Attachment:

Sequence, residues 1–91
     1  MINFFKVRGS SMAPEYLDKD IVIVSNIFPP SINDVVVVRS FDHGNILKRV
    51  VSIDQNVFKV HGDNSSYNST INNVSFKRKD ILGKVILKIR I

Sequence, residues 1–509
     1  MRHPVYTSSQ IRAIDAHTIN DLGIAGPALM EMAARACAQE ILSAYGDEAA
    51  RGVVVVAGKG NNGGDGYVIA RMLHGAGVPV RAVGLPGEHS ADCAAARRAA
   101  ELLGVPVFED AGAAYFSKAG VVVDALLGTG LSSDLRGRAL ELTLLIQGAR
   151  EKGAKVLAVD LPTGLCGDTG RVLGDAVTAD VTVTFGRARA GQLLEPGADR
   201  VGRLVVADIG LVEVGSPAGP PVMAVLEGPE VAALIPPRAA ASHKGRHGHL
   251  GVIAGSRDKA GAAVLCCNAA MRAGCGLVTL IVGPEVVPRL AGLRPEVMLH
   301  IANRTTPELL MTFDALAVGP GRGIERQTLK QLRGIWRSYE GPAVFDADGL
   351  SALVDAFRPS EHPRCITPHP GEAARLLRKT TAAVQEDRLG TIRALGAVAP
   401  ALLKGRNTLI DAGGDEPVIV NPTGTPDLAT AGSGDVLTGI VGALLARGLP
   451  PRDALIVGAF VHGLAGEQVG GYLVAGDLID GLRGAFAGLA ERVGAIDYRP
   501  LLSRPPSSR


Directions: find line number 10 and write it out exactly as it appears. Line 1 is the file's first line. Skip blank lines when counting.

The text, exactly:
   251  GVIAGSRDKA GAAVLCCNAA MRAGCGLVTL IVGPEVVPRL AGLRPEVMLH